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Multifunctional Cement Composites With Load-Bearing And Self-Sensing Properties

As improvements in technology allow for construction of bigger, more uniquely designed skyscrapers, bridges, and motorways that can carry greater loads and are seismically sound, current cement composites are being pushed to their performance limits. Now more than ever, assessing damage to cement composite structures is of integral importance. However, traditional methods can be destructive, subjective, and may not detect previously existing damage, which can be invisible to the naked eye or hidden beneath structural surfaces. Addition of conductive additives, such as carbon nanotubes (CNTs) to cementitious composites attributes both load-bearing and damage self-sensing properties to the composites. However, current formulations and methods for producing these multifunctional cement composites require specialized equipment, are labor, time, and capital intensive, and are not scalable.

3D Fabrication of Piezoelectric Polymer Composite Materials

Piezoelectric materials are key components in a range of devices including acoustic imaging, energy harvesting, and actuators and typically rely on brittle ceramic monoliths to perform their functions. To control the size and or shape of the piezoelectrics, it is common to use mechanical dicing or saws. However, this limits not only the size of the piezoelectric element but also the dimensionality. It is nearly impossible with current cutting techniques to shape brittle ceramics into higher order 3D structures, which could have a huge impact on compact sensor designs, tunable acoustic arrays, efficient energy scavengers, and diagnostic devices. There is an unmet need for simple approaches to fabricating 3D structures in piezoelectric polymers or multilayered architectures which would open up infinite possibilities in the design of more complicated device geometries.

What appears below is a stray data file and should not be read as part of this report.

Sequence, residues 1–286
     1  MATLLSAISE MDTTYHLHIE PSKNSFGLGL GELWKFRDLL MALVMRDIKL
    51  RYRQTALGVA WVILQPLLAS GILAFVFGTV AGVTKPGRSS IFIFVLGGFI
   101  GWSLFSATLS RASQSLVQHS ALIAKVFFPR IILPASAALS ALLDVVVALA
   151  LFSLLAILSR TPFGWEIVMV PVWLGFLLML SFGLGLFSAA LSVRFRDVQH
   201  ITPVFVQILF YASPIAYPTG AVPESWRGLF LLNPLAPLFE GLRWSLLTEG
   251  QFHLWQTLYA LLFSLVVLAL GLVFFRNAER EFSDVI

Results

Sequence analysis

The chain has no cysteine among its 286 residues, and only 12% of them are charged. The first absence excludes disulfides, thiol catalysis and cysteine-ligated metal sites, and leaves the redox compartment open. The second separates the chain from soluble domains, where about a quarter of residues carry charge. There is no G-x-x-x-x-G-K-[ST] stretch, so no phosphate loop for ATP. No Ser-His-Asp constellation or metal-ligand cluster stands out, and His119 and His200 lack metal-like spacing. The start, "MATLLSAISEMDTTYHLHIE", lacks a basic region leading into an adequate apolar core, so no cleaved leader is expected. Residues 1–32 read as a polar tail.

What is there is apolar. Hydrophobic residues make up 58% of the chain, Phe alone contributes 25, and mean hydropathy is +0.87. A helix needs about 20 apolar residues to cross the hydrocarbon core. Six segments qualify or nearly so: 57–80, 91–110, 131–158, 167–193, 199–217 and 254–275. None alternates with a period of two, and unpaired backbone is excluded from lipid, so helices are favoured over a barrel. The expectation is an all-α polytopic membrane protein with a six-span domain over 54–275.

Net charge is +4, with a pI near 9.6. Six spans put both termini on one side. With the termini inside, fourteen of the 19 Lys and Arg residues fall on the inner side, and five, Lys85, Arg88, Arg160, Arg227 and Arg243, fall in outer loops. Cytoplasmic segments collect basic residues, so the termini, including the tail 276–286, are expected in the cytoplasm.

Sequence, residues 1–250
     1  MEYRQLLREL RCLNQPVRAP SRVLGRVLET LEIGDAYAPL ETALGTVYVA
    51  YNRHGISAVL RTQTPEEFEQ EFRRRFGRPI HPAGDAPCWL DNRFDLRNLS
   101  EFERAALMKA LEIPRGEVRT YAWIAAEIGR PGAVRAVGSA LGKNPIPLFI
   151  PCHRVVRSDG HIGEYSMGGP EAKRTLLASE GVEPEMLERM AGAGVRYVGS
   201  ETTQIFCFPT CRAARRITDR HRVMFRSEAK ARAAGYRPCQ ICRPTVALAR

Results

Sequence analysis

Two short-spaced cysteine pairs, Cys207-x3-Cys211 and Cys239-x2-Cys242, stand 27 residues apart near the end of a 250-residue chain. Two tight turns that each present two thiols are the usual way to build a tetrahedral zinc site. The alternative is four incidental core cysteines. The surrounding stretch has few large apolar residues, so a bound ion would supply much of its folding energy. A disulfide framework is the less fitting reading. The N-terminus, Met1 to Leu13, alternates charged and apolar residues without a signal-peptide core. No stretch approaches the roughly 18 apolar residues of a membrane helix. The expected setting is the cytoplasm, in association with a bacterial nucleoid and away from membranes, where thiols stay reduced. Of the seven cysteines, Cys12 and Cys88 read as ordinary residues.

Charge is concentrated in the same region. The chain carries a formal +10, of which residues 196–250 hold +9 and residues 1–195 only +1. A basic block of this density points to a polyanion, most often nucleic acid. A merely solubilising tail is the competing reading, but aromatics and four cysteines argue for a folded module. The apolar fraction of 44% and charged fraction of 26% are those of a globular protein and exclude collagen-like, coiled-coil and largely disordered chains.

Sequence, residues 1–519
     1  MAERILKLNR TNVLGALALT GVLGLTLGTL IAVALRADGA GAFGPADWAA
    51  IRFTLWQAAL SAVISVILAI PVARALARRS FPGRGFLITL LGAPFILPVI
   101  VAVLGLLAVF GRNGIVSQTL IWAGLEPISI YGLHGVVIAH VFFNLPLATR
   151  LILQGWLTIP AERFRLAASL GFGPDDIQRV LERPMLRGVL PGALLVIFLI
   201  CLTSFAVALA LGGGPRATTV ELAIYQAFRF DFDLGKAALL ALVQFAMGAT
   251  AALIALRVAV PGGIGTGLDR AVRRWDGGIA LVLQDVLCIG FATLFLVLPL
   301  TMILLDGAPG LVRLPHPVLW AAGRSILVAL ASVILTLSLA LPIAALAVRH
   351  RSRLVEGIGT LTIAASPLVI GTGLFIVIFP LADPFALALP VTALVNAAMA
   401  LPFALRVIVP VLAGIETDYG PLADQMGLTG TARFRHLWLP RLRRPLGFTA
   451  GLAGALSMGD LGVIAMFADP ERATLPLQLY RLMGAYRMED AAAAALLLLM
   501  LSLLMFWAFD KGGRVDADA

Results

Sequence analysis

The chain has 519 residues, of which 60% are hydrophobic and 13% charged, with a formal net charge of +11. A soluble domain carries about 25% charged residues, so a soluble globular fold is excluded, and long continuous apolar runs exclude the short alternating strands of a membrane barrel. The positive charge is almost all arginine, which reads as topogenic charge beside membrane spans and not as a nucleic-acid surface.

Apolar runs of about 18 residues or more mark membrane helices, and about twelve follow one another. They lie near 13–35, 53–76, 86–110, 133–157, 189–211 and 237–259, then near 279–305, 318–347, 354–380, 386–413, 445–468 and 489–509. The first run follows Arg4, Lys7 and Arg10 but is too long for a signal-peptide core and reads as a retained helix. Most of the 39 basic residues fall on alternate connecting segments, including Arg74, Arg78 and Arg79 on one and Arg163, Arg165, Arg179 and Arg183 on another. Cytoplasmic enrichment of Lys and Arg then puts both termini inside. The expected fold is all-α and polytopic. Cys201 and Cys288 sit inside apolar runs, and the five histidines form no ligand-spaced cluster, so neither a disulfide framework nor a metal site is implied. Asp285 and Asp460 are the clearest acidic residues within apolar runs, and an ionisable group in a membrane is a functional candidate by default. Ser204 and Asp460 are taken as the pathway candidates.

Accurate Patterning of Hydrophobic Materials: Assembly of Organic and Inorganic Components on a Substrate

Presented here is the novel mechanical application of adhesive hydrophobic materials to substrates, the patterning of these materials, and the controlled dip-coating of the resulting patterned substrates to allow the control of the spatial and volumetric attributes of liquid droplets. By controlling the speed with which the substrates are dip-coated, and the viscosity of the polymer bath, fine control over the volumes of liquid that are deposited at particular locations on the substrate is obtained. These techniques may be utilized in a variety of applications including microlens arrays, waveguides, bonding, and fluidic handling.

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